UPDATE: Casper Police Chief Responds To Favoritism Allegations
Casper Police Chief Jim Wetzel said his department will investigate allegations that several officers gave deferential treatment to a woman who was charged with drunk driving in October because she was another officer's girlfriend.
In a news release Wednesday afternoon, Wetzel recounted the story of the Oct. 25 traffic stop and the subsequent charge of driving under the influence of alcohol (DUI).
Here is the release...
Casper, Wyoming (April 6, 2016) – As has been previously reported, Casper Police officers conducted a traffic stop on October 25, 2015, on a vehicle with a driver suspected to be intoxicated. The driver was subsequently charged with driving under the influence of alcohol (DUI). A motion hearing to suppress evidence in the case was filed. Ultimately, the breath test results in this matter were suppressed; however, probable cause for the stop of the defendant was upheld. As such, this matter is still pending trial in the Municipal Court.
During the suppression hearing, issues were raised concerning the officers’ deviation from normal DUI arrest procedures in processing the defendant. In particular, it was learned the defendant was, at that time, the acquaintance of a Casper Police officer. Consequently, rather than booking the defendant into the Natrona County Detention Center, the officers issued the defendant a citation for DUI and arranged for the defendant to have a ride home. An evaluation into the officers’ decision-making and the reasons for their deviation from normal procedure in this case is currently underway.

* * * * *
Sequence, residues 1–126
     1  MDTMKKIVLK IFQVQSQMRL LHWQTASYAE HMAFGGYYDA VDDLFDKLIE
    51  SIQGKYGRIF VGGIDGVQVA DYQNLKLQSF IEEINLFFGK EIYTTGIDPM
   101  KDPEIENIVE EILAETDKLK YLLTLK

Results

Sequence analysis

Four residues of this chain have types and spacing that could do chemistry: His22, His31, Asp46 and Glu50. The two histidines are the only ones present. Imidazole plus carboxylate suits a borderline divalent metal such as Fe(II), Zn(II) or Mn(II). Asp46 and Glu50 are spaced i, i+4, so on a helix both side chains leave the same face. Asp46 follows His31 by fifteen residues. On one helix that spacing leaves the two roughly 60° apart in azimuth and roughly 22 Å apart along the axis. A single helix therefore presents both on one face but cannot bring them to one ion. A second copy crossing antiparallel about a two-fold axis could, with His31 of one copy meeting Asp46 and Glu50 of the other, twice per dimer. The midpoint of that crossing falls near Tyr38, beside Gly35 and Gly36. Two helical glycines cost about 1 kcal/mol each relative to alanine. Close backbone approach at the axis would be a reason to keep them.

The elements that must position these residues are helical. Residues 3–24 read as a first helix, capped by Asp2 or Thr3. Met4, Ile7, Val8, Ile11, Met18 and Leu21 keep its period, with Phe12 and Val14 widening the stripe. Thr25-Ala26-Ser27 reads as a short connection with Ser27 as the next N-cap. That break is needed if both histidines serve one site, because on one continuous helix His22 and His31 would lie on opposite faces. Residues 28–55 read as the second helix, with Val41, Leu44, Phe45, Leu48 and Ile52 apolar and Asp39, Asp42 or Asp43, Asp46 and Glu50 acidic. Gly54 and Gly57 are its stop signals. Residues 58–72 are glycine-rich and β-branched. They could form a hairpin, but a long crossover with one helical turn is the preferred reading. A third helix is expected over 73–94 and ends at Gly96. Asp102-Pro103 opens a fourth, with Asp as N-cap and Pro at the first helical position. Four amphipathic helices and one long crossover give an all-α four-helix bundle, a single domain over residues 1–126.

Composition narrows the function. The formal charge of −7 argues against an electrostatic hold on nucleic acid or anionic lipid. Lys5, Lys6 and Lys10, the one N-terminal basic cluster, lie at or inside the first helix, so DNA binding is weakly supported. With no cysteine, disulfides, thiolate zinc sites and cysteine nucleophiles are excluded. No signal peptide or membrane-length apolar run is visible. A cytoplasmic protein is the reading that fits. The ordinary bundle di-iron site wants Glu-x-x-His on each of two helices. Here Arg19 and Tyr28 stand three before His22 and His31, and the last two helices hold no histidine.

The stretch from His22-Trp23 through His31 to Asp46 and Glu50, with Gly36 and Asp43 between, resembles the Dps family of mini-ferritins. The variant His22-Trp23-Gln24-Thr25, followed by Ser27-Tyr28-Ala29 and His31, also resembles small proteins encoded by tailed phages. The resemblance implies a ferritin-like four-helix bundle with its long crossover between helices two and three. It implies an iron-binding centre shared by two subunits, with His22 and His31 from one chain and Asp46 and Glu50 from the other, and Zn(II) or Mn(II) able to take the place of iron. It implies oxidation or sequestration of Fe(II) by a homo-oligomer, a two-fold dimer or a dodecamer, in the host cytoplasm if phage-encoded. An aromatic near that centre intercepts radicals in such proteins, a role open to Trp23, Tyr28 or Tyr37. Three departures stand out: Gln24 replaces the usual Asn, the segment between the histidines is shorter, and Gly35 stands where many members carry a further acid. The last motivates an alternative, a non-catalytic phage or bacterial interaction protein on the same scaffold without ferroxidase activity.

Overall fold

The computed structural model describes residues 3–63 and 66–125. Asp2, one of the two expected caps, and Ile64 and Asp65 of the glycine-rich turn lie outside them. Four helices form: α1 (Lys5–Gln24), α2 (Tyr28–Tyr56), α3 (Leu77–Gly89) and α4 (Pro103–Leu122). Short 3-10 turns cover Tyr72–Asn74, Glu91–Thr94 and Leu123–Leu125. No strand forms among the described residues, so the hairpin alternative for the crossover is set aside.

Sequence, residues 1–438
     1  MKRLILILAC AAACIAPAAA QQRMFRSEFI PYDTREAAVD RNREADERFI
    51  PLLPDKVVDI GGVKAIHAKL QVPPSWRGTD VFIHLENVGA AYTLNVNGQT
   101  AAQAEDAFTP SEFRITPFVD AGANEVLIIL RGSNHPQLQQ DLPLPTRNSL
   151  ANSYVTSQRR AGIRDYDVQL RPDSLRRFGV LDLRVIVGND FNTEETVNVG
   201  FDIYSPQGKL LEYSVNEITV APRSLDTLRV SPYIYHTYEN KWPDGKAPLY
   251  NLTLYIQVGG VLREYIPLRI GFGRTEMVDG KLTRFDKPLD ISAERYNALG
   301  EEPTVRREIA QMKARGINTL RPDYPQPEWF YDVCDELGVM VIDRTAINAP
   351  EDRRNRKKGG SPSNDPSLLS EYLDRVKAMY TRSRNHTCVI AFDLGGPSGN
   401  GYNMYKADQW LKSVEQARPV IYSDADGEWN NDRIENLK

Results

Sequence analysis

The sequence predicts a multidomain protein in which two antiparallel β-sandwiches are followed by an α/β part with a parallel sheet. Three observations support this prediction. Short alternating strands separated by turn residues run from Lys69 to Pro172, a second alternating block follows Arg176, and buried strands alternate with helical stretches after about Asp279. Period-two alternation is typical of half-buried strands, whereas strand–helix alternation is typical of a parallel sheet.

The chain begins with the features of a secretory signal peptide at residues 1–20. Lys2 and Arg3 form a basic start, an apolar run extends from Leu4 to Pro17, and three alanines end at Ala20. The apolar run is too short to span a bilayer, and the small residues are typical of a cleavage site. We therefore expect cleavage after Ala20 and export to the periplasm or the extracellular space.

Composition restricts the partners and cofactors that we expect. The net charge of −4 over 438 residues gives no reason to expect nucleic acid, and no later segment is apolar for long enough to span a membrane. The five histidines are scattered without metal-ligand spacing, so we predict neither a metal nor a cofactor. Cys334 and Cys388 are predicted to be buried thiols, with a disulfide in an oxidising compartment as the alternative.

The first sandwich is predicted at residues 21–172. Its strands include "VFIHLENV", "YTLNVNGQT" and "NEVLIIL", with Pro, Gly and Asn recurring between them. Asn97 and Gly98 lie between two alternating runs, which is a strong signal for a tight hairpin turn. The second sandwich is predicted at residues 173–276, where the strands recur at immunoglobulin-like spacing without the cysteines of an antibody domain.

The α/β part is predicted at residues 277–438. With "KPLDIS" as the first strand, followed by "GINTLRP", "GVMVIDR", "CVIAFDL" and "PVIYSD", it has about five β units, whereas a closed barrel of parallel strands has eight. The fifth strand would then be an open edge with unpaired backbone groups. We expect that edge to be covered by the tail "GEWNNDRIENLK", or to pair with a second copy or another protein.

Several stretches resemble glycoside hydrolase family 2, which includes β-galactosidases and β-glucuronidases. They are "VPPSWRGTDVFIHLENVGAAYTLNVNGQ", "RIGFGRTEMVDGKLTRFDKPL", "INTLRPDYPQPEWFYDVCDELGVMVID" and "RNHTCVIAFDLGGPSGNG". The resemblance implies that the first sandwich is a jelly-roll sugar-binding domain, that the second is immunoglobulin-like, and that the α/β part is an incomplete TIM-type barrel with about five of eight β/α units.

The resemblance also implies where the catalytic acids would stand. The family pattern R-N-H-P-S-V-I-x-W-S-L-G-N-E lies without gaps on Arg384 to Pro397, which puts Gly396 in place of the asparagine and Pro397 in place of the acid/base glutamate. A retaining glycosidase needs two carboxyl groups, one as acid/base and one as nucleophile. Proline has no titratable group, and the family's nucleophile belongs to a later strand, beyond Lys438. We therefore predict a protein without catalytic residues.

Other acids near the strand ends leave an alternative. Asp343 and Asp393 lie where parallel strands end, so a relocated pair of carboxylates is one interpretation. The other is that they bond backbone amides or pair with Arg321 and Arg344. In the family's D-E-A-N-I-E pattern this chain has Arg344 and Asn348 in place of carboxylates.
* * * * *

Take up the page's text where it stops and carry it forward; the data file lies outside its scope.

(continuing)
In this case, the Municipal Court Judge believed there was not sufficient evidence presented in the suppression hearing to show that the defendant was technically arrested prior to being read implied consent. As this is required for admissibility of the breath test, the Judge ruled the breath test results were not admissible and therefore suppressed.
The fact that officers elected to not take the defendant to jail, but rather to release with a citation was not illegal, and is allowed by Wyoming law. It is important to reiterate, the officers appropriately charged the defendant with DUI in this matter.
However, I recognize the question of preferential treatment by a police department as a legitimate and concerning question. Transparency and accountability to our community in situations like this is of utmost importance to me as the Chief of the Casper Police Department. I want to ensure the community that the appropriateness of the officers’ decisions will be scrutinized and properly addressed as a personnel matter.
The Casper Municipal Court hearing on the matter happened last month, during which Judge Keith Nachbar argued such action amounted to special treatment because police do not typically release DUI suspects with only a citation unless there is a medical emergency.
Nachbar called the incident “a complete and total deviation from every policy I have seen in sixteen years of handling these cases.”
“This looks to me like special treatment of a person who happens to be the girlfriend of a sergeant with the Casper Police Department,” Nachbar said during the hearing.